I'm working on the chapter of my Job book devoted to midrash and allegorical readings of Job; its main foci are the "Testament of Job," the interpretations of Job in the "Baba Batra," and Gregory the Great's "Moralia in Iob." These are all texts we covered in my recently completed class (hence the hyperlinks), and I'm finding having read and discussed these texts with a room of smart students was very helpful. But it's quite a different thing to offer texts in a seminar - "so, what do you make of this?" "do you really think it's right/wrong?" - than to have to provide your own account of what's going on in them! And discussing one of these texts one week and another the next, letting each have its time in the sun, is dramatically different from choreographing a way for them to share the stage of a single interpretation. Because, of course, they did not share a stage. Of course this is one of my main points: Jews and Christians didn't just read Job differently, but didn't even really read the same text. (Here's why.) I suppose it was naive to imagine I could dodge the "who's right, then?" question by this move, not least as each explicitly or implicitly asserts that the other is not just wrong-headed but headed towards perdition. Oy. Actual religious history is no seminar.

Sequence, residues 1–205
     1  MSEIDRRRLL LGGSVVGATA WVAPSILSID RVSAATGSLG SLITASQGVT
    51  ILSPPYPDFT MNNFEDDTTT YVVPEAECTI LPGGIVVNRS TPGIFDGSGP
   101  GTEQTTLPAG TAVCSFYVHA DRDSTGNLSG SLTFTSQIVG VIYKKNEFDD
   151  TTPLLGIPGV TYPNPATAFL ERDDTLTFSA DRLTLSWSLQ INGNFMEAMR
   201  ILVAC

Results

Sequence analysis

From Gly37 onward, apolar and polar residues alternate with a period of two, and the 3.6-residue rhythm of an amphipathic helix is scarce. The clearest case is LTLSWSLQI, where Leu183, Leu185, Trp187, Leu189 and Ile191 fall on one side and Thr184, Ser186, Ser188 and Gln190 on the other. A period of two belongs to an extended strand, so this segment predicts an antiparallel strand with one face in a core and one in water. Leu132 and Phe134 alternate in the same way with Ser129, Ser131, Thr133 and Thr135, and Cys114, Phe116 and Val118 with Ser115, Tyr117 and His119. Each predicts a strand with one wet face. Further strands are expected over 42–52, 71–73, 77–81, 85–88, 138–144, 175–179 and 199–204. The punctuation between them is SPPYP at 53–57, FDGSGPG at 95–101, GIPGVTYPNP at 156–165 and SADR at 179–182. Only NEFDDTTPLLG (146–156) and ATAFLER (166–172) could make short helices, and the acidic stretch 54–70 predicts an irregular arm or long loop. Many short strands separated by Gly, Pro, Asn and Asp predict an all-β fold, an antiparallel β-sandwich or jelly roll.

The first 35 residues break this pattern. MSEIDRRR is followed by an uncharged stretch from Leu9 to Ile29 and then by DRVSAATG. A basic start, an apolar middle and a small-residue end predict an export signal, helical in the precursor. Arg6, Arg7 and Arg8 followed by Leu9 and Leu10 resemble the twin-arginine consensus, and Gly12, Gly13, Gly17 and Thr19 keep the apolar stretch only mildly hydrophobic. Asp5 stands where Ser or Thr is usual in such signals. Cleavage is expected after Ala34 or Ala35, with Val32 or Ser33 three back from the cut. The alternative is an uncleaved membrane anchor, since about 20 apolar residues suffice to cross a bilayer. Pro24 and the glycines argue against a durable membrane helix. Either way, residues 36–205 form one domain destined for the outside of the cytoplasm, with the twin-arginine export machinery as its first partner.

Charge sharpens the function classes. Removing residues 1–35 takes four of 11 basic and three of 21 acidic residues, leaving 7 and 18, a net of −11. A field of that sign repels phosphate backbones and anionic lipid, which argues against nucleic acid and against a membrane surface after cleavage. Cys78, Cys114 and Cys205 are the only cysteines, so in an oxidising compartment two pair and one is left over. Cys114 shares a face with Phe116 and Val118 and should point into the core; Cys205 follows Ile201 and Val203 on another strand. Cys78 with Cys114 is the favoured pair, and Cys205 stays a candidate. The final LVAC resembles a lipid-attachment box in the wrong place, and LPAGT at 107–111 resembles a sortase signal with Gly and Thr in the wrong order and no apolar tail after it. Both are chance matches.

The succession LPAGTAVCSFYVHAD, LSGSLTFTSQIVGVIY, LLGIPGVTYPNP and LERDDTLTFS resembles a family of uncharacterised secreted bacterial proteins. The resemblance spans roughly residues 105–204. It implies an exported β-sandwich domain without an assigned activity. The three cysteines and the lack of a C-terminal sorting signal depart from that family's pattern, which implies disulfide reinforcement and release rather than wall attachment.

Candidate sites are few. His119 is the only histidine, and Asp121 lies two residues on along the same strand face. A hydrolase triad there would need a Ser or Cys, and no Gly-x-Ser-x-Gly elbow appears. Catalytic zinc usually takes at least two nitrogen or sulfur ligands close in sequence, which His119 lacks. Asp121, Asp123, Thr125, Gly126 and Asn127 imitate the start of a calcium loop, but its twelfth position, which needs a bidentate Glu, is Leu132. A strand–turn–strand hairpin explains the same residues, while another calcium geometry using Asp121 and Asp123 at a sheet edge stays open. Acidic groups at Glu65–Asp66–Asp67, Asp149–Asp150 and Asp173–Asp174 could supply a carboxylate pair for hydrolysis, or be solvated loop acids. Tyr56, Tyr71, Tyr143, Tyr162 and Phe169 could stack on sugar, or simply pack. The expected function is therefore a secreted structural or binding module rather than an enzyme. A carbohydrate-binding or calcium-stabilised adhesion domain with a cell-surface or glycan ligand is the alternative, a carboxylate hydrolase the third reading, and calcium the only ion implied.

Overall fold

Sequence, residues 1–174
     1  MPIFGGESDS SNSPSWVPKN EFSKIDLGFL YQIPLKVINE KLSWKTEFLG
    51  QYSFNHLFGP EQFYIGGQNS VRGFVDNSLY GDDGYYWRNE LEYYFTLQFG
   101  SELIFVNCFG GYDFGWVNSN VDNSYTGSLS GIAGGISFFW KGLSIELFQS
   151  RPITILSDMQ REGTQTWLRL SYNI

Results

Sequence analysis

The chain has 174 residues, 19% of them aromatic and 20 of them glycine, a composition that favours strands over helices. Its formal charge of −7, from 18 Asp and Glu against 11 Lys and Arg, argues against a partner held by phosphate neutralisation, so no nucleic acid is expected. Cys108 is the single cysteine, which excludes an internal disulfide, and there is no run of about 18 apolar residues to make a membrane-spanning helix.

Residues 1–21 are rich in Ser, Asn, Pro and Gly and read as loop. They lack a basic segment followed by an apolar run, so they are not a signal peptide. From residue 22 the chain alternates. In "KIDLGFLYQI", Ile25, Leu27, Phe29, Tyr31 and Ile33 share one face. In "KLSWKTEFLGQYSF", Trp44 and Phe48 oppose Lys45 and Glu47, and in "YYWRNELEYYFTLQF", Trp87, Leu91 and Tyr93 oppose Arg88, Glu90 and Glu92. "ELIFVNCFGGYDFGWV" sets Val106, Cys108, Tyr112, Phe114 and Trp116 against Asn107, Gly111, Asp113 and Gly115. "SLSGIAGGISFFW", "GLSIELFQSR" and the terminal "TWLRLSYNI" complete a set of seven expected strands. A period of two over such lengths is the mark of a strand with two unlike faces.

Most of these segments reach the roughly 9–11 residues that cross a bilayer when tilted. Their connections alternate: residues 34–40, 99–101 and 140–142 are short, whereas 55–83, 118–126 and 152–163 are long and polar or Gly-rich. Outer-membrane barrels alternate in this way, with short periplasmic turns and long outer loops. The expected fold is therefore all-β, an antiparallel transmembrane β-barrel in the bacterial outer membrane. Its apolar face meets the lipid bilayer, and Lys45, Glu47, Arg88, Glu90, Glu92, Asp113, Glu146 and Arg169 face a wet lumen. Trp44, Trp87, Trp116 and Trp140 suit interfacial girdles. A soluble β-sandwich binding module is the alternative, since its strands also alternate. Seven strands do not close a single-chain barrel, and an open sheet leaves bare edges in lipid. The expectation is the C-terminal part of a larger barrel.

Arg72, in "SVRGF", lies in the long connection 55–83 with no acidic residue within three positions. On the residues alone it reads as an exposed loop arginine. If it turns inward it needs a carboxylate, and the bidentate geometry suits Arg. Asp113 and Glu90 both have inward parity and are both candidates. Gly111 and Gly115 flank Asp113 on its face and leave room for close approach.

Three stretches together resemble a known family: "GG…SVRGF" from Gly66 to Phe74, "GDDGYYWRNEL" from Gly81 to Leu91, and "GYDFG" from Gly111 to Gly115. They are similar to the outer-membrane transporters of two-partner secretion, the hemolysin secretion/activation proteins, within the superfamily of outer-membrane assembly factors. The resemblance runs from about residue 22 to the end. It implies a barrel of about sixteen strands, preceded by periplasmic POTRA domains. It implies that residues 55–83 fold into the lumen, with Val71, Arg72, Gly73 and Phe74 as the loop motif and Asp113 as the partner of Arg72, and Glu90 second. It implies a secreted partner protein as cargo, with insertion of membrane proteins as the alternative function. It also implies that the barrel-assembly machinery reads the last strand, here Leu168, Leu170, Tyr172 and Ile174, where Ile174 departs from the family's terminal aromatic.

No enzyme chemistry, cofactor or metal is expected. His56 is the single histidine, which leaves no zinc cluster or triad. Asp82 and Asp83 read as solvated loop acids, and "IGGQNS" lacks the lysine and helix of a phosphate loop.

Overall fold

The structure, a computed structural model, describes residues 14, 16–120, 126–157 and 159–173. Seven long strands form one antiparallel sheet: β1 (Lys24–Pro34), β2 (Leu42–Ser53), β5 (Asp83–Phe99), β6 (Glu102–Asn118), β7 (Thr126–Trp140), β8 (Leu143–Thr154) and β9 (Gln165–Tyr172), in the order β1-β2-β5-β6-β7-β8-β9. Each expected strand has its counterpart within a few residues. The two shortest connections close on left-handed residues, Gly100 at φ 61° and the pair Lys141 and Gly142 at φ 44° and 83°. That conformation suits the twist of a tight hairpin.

Image: 16th C. Belgian sculpture of Job as a priest, no 81. in Samuel Terrien's hard to find The Iconography of Job through the Centuries (but UCSD has a copy!).